Distracted driving is gaining attention as a serious issue and combine it with the epidemic of selfies behind the wheel and you have a potentially lethal combination. When you look at the statistics surrounding road traffic accidents and the fact that taking a selfie is considered to be more dangerous than drunk-driving, it soon becomes painfully clear that something needs to be done to address this problem.
The dangerous act of taking a selfie
There is a valid argument to suggest that taking a selfie whilst behind the wheel of your car is actually a more dangerous activity than driving your car whilst drunk, which is worrying as that is a pretty irresponsible act in its own right.
The problem of taking selfies whilst driving is not necessarily confined to younger drivers, but according to the Institute of Advanced Motorists, close to 20% of drivers aged under 35 years of age admitted to the act when questioned in a survey, compared to 9% overall. Whichever way you look at it, these figures can be considered alarmingly high.
Testing driver’s reactions
The Royal Society for the Prevention of Accidents (ROSPA) have provided a driver distraction fact sheet which highlights the inherent dangers of distracted driving due to the use of mobile phones in vehicles. In simple terms, a driver is distracted when they are trying to pay attention to a secondary activity rather than concentrating solely on ensuring they are driving their vehicle safely.
Just as simple to understand is the fact that despite our conviction to the contrary, most of us are not actually hardwired to safely multi-task and this is even more the case when the extra activity is considered time consuming or slightly complex. The extra demands placed on our attention such as the act of taking a selfie while driving, leads us to become less observant and make worse driving decisions, so our reactions are diminished. Simulator tests consistently back up this observation and show that our reactions are slower when we are driving distracted, therefore increasing our chances of being involved in an accident.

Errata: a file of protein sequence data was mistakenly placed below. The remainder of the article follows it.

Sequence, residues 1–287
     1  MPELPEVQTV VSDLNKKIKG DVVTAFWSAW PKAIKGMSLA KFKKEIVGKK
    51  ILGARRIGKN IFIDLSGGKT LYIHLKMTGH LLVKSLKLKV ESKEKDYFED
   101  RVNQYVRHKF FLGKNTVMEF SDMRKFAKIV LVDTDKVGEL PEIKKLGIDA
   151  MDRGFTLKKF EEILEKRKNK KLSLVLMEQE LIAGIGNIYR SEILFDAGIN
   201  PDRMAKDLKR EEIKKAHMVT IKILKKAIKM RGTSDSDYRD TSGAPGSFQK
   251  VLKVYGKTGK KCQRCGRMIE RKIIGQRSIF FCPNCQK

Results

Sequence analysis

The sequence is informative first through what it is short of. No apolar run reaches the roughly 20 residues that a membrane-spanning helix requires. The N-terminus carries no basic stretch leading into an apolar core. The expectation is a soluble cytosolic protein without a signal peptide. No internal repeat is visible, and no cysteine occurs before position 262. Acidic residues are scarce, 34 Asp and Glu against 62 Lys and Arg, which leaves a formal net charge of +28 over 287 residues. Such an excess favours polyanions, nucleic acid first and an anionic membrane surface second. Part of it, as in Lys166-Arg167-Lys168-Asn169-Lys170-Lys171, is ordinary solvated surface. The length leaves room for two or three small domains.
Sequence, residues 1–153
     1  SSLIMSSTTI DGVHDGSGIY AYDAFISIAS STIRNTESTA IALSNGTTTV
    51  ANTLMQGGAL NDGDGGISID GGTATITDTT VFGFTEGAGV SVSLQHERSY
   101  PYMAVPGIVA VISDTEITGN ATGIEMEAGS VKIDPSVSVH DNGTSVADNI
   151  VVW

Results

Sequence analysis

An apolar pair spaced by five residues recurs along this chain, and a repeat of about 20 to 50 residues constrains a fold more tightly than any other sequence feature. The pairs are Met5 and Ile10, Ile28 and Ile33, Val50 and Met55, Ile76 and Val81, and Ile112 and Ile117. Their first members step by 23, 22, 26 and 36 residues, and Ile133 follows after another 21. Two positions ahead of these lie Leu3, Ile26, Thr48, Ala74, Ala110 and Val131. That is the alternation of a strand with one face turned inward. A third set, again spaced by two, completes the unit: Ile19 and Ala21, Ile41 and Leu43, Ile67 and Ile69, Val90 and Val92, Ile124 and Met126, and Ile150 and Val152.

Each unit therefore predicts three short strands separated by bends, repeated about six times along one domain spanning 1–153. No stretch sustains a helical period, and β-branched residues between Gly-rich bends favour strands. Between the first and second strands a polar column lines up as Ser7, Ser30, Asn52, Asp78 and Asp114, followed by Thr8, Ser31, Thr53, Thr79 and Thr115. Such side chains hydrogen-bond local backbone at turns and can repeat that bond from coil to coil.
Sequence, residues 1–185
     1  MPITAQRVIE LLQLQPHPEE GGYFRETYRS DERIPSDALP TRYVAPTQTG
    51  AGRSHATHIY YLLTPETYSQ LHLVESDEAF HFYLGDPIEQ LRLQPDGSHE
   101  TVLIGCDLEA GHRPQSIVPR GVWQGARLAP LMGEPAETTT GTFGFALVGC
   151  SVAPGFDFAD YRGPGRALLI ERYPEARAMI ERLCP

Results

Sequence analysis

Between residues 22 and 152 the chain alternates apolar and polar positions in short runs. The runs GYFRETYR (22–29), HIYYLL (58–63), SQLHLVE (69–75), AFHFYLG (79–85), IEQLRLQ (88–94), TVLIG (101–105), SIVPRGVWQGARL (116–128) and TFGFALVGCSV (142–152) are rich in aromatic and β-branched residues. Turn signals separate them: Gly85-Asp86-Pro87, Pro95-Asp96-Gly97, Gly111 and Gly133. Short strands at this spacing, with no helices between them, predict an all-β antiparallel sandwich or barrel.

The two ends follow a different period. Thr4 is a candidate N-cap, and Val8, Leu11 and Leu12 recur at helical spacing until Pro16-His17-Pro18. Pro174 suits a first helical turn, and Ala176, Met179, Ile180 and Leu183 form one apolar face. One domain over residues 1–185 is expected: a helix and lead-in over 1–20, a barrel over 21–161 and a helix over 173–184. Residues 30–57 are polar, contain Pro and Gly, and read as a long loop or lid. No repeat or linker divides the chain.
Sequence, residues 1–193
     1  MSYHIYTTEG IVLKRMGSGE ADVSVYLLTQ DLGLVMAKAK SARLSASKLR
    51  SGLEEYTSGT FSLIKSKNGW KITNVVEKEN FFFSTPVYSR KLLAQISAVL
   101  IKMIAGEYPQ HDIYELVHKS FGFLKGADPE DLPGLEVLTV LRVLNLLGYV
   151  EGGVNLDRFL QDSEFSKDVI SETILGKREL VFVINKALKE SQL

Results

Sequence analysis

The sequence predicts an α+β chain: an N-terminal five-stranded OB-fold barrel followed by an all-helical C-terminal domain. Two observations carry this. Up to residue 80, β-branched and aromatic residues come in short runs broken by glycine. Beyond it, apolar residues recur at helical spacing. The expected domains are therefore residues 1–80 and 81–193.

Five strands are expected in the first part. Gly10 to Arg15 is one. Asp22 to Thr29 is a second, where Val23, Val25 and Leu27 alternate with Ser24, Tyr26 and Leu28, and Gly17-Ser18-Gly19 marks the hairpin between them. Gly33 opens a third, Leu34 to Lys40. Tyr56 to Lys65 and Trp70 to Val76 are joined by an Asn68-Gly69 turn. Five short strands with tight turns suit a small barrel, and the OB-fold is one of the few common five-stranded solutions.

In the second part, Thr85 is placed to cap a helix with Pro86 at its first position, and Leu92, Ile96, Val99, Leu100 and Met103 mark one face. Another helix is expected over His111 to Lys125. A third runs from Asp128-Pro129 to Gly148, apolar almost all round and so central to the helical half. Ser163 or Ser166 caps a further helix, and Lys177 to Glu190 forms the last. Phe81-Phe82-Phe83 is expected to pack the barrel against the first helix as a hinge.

Selfies are just the beginning
Whatever your opinion of the act of taking a selfie in general, it seems that this form of distracted driving could be the tip of the iceberg when it comes to irresponsible behaviour behind the wheel.
A disturbingly high number of one in 12 motorists actually admitted to using Skype or FaceTime to video call someone while they were driving and an incredible seven percent of motorists surveyed by motoring organisations, admitted to watching TV behind the wheel.
With so many people seemingly willing to take selfies, send emails or even watch TV whilst trying to drive, it is not surprising that distracted driving incidents and accidents are currently on the increase, despite the clear dangers to the driver and fellow motorists.
By Danielle Estrella – Danielle Estrella works as a commercial driving instructor and always likes to take the chance to discuss hot topics like distracted driving with an online audience. She is a regular writer for a number of motoring-inspired websites.